The decision was made to found a cooperative for the energy community, in which all neighbourhood residents have an equal opportunity to influence matters. There are about 3,400 renewable energy cooperatives in the EU. The cooperative’s most important task is to promote the energy issues of the entire neighbourhood. The possible financial return will be directed to the development of the whole neighbourhood.

Since the sun shines in the beach town for most of the year, the cooperative decided to invest in solar panels as their first project. The houses in the neighbourhood still use electricity from the local grid but are now able to replace part of the energy they use with solar energy produced by the neighbourhood itself. In addition, the cooperative has also inspired the residents of the neighbourhood to organise joint recycling evenings and energy-saving campaigns.

The energy cooperative formed by the neighbourhood is just one example of what energy community can mean in practice. Energy citizenship and energy communities come in many forms, models and sizes. In the following we present some examples from project GRETA:


A virtual community sharing tips and encouraging a more ecological lifestyle (read more about the Earnest App)


A heating network covering a residential area, which uses renewable energy (read more about the UR BEROA community)


Collectives that maintain their own solar panel fields (read more about Coopérnico)


A network formed by several cities that supports the introduction of renewable energy (read more about the Natural Gas-Free Neighbourhoods network)

What are the benefits of energy communities?

Now we know what energy communities can look like. But what about their benefits, and why should they be promoted? There are several benefits; here are three examples.


Collective power and effective action

The choices of even one person or household are important, but when many of us decide to take action together, the impact is much greater. Everyone can save electricity in their households and doing so is very welcomed, but in the case of large systemic problems, individual everyday actions are usually not enough to cause (long-term) change. The impact is greater if a neighbourhood or other community decides to act together. As a member of the energy community, the opportunities to make an impact increase, and often doing things together is also more fun.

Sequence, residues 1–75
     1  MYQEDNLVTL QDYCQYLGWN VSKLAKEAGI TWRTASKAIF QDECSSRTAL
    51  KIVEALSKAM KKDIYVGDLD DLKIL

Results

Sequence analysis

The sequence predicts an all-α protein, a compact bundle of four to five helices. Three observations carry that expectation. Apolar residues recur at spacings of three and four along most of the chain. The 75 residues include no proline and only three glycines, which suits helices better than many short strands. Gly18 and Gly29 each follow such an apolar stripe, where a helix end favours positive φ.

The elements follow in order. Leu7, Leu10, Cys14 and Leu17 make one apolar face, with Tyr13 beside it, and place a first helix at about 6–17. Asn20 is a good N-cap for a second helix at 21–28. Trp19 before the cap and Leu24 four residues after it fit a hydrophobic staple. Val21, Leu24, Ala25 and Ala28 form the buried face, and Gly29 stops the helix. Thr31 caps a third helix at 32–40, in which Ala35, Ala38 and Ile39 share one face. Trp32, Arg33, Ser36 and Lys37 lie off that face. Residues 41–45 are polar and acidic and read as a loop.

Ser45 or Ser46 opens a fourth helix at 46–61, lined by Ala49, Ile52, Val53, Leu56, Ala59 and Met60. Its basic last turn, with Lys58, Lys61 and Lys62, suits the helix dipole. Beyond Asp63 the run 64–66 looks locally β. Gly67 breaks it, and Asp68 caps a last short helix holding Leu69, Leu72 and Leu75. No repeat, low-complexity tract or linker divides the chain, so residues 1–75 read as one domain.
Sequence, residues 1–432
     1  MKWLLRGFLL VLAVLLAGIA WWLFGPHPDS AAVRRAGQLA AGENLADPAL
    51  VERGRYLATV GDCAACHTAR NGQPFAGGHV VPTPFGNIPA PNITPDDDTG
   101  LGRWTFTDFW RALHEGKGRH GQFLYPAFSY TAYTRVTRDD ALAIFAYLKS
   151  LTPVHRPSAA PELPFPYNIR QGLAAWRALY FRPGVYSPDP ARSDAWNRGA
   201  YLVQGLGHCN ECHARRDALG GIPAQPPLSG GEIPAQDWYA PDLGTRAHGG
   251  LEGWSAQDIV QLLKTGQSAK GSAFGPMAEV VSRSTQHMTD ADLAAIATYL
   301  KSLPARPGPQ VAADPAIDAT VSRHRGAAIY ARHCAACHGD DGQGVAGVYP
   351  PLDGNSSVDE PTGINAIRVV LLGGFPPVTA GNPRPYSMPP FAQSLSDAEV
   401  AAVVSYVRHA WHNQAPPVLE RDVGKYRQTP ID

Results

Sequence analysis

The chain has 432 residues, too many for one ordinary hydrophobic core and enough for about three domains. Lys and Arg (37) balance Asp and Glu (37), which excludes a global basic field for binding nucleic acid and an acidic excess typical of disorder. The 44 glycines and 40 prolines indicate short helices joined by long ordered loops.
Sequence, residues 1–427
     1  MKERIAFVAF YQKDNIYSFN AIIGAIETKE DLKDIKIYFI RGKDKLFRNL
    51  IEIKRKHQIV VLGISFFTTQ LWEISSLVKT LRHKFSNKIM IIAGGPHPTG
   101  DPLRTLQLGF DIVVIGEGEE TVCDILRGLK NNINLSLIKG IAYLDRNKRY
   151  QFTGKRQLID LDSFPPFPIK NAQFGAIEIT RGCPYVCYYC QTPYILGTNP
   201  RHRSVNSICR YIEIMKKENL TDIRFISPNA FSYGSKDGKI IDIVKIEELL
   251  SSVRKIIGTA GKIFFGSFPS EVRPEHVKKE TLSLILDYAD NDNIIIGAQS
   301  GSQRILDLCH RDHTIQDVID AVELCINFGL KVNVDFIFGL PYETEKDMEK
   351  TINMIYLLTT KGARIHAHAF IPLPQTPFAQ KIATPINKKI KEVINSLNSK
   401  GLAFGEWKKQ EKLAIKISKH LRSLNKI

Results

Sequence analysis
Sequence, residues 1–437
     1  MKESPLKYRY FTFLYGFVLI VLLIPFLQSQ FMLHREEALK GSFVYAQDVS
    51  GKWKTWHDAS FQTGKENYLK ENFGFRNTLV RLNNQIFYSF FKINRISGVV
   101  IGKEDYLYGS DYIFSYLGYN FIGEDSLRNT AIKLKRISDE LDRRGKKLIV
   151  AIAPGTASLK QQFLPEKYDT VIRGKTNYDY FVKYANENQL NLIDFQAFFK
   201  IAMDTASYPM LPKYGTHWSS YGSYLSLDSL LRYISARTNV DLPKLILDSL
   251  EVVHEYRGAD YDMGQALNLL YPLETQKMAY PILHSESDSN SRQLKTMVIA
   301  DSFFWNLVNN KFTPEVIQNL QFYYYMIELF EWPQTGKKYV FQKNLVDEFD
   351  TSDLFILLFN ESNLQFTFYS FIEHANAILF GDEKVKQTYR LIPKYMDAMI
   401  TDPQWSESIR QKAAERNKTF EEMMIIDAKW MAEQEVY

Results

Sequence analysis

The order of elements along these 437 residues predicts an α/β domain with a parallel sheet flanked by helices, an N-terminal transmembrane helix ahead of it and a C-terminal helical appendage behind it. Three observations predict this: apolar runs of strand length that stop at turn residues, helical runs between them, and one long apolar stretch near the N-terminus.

More equal opportunities to influence energy matters

Producing your own energy usually requires investments. For example, building solar panels on the roof is expensive, and only a few individuals or households can afford it. Energy communities increase your opportunities to influence matters when you can make purchases and save energy together with your community.


Increased understanding of energy, energy production and consumption

The ongoing energy crisis has forced us to find out more about energy production, and we have taken a big leap forward in what we understand, for example, about electricity production, consumption and price determination. Energy communities create a forum for knowledge-sharing and help in forming new habits that promote a more sustainable lifestyle.

What does all this require?

Energy communities are one highly viable solution to the current and future energy crises. But how can we encourage the emergence of energy communities? What motivates us to actively participate in the energy system? This is something we need more information about.

At GRETA, we study all aspects which help and hinder the emergence of energy citizenship and energy communities in Europe. It is known that for citizens to climb the steps of the energy citizenship ladder, solid groundwork has to be laid for it first.